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directed by Jeff Ferrell
USA 2013


The scenario of a foolhardy protagonist spending the night in a haunted location goes pretty far back - from Ambrose Bierce, Gaston Leroux, H.P. Lovecraft, Michael Arlen's "The Gentleman from America" to cinema with films like CASTLE OF BLOOD and its remake and a couple episodes of THRILLER - and even extends in some ways to various found footage horror films. An assured feature debut, Jeff Farrell's GHOSTLIGHT conforms to those models; and it does so effectively due to some well-judged chills, a couple jolts, likable leads, and a touching backstory (that thankfully does not draw out question of why Andrew doesn't interact with his daughter beyond the first ten or so minutes). The story offers nothing revolutionary or that novel but it just goes to show how the simplicity of darkness, shadows, and the possibility of silence being interrupted by things other than the building settling are still the basic requirements to get the imagination - of the protagonist and the viewer - working overtime.

Burdened by a large hospital bill following an accident that almost killed him and did claim the life of his daughter, Andrew (Brian Sutherland, 21 & OVER) thinks winning the opportunity to spend a night in the city's oldest theater for a $50,000 prize being offered up by its publicity-seeking owner Mr. Black (Dennis Kleinsmith, CTHULHU). The catch, of course, is that the building is reputed to be haunted ever since the original owner Reginald (David A. Crellin) brutally murdered his singer wife Madeline (Ramona Freeborn) and her accompanist lover Eddie (writer/director Jeff Ferrell). In the eighty years since then, three actors have snapped and murdered unsuspecting couples among the audience. Against the warnings of his wife grieving Mira (Lisa Coronado, DIFFERENT DRUMMERS) - who still talks to the spirit of their daughter Emma (Eden Campbell) - and the theater's long-suffering caretaker Bob (Russell Hodgkinson, GRASSROOTS), skeptic Andrew - who recalls nothing but blackness while he was clinically dead after the accident - is looking forward to a quiet night. When things do start to go bump in the night, it's only natural for him to suspect that Mr. Black and Bob are out to scare him into forfeiting the prize, but at home Mira is being plagued by ghostly presences attempting to use her daughter's spirit to draw her to the theatre for history to repeat itself a fourth time.

Eric Cotenas


Theatrical Release: 3 June 2014 (USA)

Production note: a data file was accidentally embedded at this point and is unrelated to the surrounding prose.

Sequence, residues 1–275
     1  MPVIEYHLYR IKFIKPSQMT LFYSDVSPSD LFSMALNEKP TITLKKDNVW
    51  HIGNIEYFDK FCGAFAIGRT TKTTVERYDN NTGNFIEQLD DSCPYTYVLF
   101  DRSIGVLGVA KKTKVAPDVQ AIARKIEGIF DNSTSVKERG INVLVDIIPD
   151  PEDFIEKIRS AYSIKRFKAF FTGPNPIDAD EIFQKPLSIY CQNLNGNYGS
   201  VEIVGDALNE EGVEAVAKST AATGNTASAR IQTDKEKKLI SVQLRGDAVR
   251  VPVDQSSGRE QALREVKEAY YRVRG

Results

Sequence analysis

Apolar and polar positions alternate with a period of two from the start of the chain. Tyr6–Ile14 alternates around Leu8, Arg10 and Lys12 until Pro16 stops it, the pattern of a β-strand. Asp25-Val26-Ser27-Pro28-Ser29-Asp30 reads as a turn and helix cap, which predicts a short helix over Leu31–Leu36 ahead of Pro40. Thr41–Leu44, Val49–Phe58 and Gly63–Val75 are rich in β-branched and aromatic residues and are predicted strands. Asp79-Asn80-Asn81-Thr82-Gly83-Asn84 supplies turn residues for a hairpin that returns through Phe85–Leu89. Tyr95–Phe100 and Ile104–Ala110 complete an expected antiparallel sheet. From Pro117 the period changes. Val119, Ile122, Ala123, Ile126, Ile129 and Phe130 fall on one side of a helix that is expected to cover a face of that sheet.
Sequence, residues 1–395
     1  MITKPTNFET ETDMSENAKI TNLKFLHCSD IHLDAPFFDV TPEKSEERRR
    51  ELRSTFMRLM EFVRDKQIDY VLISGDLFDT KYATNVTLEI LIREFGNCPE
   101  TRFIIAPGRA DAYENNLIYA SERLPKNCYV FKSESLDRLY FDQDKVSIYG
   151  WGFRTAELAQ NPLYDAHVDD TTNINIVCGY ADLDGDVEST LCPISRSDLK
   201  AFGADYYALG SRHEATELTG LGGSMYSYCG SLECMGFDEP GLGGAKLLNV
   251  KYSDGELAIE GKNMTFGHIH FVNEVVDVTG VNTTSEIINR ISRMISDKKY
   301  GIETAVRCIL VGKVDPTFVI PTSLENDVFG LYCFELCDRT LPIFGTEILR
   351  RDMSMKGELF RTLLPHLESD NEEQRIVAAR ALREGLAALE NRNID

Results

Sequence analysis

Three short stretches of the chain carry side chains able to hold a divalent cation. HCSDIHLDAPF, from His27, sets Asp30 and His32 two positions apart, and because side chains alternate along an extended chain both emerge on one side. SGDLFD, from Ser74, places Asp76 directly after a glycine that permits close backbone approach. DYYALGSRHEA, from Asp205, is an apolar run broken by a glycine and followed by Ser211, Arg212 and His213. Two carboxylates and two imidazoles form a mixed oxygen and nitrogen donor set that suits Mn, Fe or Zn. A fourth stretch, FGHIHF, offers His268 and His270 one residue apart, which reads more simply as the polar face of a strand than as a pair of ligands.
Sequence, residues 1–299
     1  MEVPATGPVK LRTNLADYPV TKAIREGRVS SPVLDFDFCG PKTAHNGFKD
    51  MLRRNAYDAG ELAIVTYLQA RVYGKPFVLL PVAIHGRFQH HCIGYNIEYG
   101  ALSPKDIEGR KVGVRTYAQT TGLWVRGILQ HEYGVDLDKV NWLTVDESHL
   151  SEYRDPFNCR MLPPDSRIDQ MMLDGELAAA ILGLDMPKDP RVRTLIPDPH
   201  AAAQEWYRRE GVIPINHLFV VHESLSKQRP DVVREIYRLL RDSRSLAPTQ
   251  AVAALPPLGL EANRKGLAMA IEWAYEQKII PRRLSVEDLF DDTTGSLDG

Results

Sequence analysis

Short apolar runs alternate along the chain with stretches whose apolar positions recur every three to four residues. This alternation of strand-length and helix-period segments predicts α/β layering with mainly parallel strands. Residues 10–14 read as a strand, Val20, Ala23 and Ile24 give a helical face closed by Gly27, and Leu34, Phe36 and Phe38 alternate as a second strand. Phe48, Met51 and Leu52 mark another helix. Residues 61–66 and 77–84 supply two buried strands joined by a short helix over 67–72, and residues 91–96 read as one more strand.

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DVD Review: Brain Damage Films - Region 0 - NTSC

Big thanks to Eric Cotenas for the Review!

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Brain Damage Films

Region 0 - NTSC

Runtime 1:29:39

2.35:1 Original Aspect Ratio

16X9 enhanced
Average Bitrate: 4.95 mb/s
NTSC 720x480 29.97 f/s

NOTE: The Vertical axis represents the bits transferred per second. The Horizontal is the time in minutes.


Audio English Dolby Digital 2.0 stereo
Subtitles none
Features Release Information:
Studio: Brain Damage Films

Aspect Ratio:
Widescreen anamorphic - 2.35:1

Edition Details:
• Audio Commentary by writer/director Jeff Farrell and star Brian Sutherland
• 'Sleepless: The Making of Ghostlight' (74:39)
• Short film 'Morella' (9:31)

DVD Release Date: 3 June 2014

Chapters 8



Shot with a Red Scarlet camera and Zeiss lenses, GHOSTLIGHT looks slick but not spectacular on Brain Damage Film's dual-layer disc (looking at times more like a DSLR production rather than something originated, but possibly not mastered, in 4K). The bitrate probably could have been higher, but some of the fault may lie in the grading (although some dreamy softness is appropriate). The Dolby Digital 2.0 stereo track isn't too adventurous with the usual stings, scare effects, and an elegant score (that in one or two instances fights for dominance with softly spoken dialogue).


Extras start with an audio commentary by writer/director Jeff Farrell and star Brian Sutherland. Farrell discusses his beginnings as an actor, musician, and later filmmaker, as well as his discovery of the theater location on a short. Sutherland discusses the preparation that he and Lisa Coronado did before rehearsals, working with the other actors, as well as the degree of improvisation during the shoot. Farrell also points out where actors were directed to play scenes as their possessed selves (which becomes apparent in retrospect or upon an additional viewing). Although the talk is very energetic, they could have used an additional participant or two to cover some of the technical aspects for filmmaking hopefuls (especially since this well-made film's shooting schedule was only ten days).

There is also a lengthy behind-the-scenes featurette with some overlap from the commentary by Farrell, but we also see video from his own night spent in the theater (giving us an appreciation of how the final look of the film differs from the location's natural lighting). Coronado offers more on how she and Sutherland prepared for the role, and we also see Farrell directing his actors via on set video (inspiring their moods with music, including the overused although probably effective in this case Clint Mansell cue from REQUIEM FOR A DREAM). Another chunk of the featurette is devoted to composer Semih Tareen (JUNK), his training, and his inspirations on the project. Also interviewed are cinematographer Mike Barbero - proud of what was achieved in a ten day shoot - make-up artist Shawn Shelton, costume designer Ninnette Robare, as well as background on the theater's "real" haunted history (and incidents during the shooting). Also included is Farrell's adaptation of Poe's MORELLA that introduced him to GHOSTLIGHT actors Coranado and Dennis Kleinsmith, as well as composer Tareen.

  - Eric Cotenas


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